Machine learning algorithms such as deep neural networks and boosted decision trees are typically used in particle physics to find the optimal parameters with which to filter the massive data sets, while maximizing signal to noise ratios and minimizing bias. The loss functions for training can all be approximated with cutting-edge simulation software and reasonable strain on modern computing resources. However these simulations introduce a small but irreducible amount of arbitrariness, which is required for computational tractability. For example a minimum energy must be defined in order to define a particle as a real particle because the low energy distribution is divergent. This introduces incalculable biases in the form of dozens of nuisance parameters, which must all be integrated over during these analyses. In order to maximize the separation between the tiny Higgs signal and the huge noise, I trained deep neural networks and boosted decision trees on ~TB of simulated data in order to evaluate their relative performance as Higgs classifiers. For the final internal study, we used a BDT on the large set of parameters characterizing pairwise photon decays, and were able to enhance the statistical significance of the Higgs signal by ~0.5 standard deviations, thus significantly hastening its discovery. The figure below shows a plot of the raw data versus the data enhanced by BDT weightings.



For theorists, the discovery of the Higgs boson was not much of a reason to celebrate, as its existence had been predicted since 1964. The real goal for our community was to explain its origin, which continues to be an open question. Progress in fundamental physics has always occurred by observing inexplicable phenomena and hypothesizing mechanisms for them. Unfortunately, the Higgs boson appears to have come bereft of any clues about the microscopic dynamics that gave rise to it. This has long been dubbed by particle physicists as "the nightmare scenario". The measured properties of the Higgs defy all of the hypotheses that were previously constructed to explain it. The question marks in this figure  will continue to remain a mystery for as long as this issue remains unresolved.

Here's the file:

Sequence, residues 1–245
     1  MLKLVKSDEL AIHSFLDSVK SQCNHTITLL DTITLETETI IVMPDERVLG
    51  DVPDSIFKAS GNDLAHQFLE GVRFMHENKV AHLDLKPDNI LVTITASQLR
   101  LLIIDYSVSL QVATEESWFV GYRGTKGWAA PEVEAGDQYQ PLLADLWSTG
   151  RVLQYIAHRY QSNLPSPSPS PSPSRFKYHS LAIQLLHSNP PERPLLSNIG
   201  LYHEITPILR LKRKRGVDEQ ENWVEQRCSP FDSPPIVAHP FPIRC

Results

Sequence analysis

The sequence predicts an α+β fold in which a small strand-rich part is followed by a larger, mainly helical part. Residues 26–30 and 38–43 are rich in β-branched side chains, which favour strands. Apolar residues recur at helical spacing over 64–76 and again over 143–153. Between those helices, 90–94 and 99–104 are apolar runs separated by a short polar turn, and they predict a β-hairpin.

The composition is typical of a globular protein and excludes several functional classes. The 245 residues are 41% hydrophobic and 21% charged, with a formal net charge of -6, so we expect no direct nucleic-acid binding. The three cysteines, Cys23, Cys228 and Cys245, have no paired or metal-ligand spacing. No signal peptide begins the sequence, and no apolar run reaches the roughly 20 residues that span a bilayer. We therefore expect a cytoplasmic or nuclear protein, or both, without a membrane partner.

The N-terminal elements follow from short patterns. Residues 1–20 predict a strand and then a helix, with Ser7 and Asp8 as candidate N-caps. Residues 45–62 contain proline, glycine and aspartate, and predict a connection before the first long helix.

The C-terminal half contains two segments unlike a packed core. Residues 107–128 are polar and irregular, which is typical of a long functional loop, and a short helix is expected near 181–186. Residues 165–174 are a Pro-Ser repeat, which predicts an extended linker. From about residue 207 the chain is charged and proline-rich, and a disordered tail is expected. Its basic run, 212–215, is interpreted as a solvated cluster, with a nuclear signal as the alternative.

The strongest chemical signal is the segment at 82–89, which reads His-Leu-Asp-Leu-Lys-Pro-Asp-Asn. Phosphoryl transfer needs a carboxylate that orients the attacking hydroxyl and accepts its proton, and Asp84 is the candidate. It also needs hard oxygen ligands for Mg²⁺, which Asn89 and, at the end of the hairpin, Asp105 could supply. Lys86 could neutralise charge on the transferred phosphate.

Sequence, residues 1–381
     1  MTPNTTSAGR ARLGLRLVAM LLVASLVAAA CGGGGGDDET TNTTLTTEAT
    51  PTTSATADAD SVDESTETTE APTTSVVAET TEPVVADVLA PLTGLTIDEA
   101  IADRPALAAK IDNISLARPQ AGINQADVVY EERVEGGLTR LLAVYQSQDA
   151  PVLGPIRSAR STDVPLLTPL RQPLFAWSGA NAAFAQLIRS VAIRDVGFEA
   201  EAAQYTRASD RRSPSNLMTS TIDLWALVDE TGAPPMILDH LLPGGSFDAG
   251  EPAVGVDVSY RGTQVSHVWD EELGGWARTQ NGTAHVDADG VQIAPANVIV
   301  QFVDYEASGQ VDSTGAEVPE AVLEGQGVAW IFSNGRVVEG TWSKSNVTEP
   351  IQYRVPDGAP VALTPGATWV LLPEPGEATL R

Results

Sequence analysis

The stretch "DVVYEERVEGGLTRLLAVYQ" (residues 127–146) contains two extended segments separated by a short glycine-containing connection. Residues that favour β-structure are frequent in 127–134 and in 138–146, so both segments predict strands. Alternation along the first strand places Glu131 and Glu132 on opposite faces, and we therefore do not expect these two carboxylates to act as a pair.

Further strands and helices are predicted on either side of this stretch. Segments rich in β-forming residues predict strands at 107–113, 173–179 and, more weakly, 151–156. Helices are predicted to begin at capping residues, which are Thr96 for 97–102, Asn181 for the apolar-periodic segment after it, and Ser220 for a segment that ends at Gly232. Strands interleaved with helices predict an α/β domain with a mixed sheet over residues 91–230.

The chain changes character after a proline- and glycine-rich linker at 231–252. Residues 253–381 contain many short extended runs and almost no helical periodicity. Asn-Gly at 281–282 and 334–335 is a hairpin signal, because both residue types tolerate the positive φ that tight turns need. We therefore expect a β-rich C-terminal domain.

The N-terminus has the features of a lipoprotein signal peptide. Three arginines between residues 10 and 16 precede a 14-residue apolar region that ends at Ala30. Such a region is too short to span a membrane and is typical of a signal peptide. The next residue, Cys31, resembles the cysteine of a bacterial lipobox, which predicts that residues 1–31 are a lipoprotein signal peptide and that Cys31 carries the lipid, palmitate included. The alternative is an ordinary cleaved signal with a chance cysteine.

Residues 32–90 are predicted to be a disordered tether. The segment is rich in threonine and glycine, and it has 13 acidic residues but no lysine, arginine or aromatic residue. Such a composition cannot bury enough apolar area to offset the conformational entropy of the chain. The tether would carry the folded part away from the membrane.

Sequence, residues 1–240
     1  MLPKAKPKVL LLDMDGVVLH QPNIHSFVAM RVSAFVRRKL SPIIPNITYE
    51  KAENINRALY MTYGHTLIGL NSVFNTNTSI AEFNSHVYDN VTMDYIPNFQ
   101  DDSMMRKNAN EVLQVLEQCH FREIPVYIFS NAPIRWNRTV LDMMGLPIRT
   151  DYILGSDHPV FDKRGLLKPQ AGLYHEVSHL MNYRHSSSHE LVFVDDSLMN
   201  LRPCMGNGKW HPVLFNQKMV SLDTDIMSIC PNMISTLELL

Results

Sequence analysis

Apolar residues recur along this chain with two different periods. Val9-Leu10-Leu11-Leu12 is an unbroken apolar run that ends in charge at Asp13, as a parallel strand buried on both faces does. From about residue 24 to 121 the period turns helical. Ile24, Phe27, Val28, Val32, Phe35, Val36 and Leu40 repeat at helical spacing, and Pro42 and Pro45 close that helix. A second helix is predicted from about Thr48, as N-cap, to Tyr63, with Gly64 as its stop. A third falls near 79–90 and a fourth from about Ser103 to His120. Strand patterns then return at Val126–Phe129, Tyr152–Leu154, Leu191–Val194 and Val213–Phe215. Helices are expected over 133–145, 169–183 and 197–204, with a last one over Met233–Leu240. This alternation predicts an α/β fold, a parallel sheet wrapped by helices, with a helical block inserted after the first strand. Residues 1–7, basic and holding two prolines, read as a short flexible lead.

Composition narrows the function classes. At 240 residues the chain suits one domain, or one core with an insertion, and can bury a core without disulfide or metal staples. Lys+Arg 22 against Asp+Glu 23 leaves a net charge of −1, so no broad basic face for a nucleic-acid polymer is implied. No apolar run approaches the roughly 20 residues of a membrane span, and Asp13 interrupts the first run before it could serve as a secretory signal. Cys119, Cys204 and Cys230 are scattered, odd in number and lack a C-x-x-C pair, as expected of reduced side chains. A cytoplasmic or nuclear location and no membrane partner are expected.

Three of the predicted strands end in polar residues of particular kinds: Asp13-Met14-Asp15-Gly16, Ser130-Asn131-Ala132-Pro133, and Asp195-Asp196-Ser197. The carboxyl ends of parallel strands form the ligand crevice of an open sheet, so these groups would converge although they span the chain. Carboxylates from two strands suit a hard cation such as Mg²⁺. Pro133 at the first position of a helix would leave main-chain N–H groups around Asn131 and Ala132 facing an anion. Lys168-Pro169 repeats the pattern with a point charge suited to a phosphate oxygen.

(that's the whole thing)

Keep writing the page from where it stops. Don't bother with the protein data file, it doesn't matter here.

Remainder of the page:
During my postdoctoral years, I became obsessed with trying to build a model for the microscopic dynamics that could give rise to such a peculiar looking particle. In a recent paper my collaborators and I constructed a viable explanation for the Higgs in which it appears as a composite particle.  This is somewhat like the proton which is a composite particle made out of quarks, and the basic picture of our framework is illustrated in the figure below. In many ways the Higgs boson appears to be very sequestered from the particles that make up our every day reality, the particles of the Standard Model. It is the only known particle with zero angular momentum (spin), and is neutral under most of the known forces of nature. It's interactions with other known particles are thus extremely feeble, which is why it took this long to discover. 


The particles which make up the Higgs boson in our theory are totally disconnected from the rest of the Standard Model. This makes them an intriguing candidate for Dark Matter, which appears to dominate the universe, and is also well sequestered in its interactions with the Standard Model particles.  We further conducted a detailed analysis on the ability of the Large Hadron Collider to discover such particles, and showed that they would have evaded detection up until this point, but could be discovered at any moment. The plot below shows the range of parameters for this theory that have been excluded thus far.